EU withdraws from Northern Kosovo
"Hopes for a peaceful conclusion to the declaration of Kosovo's independence were fading as the European Union announced it had withdrawn its staff from the north of the fledgling country in the face of increasingly angry Serb protests."
So begins the utterly predictable reaction of the EU to Serb anger as their "army in suits" pre-emptively withdraws.
At the same time, KFOR, the Nato-led peacekeeping force, sealed the border to Serbia, after angry mobs torched border crossings. ...
Yesterday Peter Feith, the EU's Kosovo envoy, said security concerns were behind the withdrawal of his staff from northern Kosovo. They had been preparing the ground for a 2,000-strong EU rule of law mission. "I would like to appeal to the Serb community to be generous and to turn the page and look forward to working together with us," he said. "We hope that conditions will soon allow us to resume our activities."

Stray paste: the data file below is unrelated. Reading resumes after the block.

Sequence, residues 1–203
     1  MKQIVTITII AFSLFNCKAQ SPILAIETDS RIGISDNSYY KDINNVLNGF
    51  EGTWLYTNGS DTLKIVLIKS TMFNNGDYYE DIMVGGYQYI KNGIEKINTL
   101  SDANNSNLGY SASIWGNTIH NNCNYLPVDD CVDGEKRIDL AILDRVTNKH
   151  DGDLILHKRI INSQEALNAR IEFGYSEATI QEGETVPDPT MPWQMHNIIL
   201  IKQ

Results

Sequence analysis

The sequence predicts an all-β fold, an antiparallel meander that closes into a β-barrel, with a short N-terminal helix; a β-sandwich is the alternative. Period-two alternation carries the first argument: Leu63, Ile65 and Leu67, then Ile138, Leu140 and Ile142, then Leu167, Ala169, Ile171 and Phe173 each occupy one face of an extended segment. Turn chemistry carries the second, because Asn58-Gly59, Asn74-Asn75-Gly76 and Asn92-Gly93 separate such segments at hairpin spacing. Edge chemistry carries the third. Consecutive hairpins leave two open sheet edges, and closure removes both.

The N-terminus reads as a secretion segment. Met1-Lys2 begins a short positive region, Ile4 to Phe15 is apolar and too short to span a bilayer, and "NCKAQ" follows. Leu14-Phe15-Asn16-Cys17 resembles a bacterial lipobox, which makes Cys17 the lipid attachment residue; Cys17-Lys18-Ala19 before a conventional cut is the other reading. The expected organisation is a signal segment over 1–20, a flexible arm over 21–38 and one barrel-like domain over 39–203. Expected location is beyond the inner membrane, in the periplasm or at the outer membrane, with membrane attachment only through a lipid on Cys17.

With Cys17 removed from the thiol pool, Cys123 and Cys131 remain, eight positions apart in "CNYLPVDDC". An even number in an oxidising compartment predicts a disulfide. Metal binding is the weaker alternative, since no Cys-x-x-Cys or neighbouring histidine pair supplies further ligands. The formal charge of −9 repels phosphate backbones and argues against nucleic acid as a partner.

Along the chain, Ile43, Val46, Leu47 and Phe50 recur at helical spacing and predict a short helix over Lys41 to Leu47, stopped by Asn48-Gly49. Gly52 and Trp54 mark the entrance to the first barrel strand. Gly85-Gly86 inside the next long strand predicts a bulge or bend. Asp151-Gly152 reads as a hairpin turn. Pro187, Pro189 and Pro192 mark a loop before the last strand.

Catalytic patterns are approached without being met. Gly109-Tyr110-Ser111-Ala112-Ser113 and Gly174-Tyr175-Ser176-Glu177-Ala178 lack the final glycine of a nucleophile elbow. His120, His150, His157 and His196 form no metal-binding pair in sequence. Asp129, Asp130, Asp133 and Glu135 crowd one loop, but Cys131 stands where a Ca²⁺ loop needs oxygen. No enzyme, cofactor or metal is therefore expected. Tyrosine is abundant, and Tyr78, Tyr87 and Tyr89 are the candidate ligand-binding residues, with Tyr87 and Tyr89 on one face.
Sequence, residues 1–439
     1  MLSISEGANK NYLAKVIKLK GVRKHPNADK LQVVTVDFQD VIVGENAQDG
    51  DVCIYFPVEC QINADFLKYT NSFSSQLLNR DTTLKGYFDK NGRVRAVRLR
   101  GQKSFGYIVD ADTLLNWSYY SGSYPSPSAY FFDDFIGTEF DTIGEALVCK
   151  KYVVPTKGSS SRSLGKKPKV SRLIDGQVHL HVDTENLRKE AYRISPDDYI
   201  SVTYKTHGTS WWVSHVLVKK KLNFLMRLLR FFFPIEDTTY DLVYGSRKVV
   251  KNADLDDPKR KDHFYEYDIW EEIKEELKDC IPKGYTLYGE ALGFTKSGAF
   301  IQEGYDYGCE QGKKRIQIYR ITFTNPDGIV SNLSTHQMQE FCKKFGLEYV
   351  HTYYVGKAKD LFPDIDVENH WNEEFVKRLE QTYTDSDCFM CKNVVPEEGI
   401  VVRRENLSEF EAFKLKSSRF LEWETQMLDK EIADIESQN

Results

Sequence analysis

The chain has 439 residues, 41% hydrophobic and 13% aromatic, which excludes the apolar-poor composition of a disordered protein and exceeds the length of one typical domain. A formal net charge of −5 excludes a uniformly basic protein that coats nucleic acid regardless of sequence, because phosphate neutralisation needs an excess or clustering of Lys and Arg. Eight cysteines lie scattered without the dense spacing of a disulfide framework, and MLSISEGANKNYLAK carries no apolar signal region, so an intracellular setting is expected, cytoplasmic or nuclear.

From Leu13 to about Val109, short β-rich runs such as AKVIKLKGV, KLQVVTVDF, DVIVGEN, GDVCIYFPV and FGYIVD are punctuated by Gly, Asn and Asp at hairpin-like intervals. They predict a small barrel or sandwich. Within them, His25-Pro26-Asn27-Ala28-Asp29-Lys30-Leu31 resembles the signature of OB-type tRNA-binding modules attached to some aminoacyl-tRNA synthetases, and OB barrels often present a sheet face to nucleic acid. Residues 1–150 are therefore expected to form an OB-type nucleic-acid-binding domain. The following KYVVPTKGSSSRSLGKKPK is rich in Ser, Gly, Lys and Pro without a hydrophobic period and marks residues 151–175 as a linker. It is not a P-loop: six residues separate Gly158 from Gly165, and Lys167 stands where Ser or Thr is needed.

Translation. We'll return when NATO makes it safe enough for us to return.
The wider impact of the Kosovo crisis is the precedent that it sets for many of the "frozen conflicts" of the world, ranging from Azerbaijan to the Basque region. Remarkably, many Muslim countries have refused to recognize Kosovo. And their reluctance is fueled in part by the desire to avoid stirring up separatism. Therefore Kosovo has been sold by the EU and the US as an "exception" to the general rule.
The problem is that the Serbs are taking the cue from the Kosovars. If Kosovo can split from Serbia why can't Serbian regions split from Kosovo? The EU believed that by throwing a protective blanket of "suits" around the Serbs in the north that Kosovo might be held together. But as the experience of Iraq shows, stabilization can only occur where security is guaranteed. The crisis that will face Western policy in Kosovo is whether they are up to providing "security" which is another word for military force, to back up their "army of suits". The suits can't deploy without the uniforms.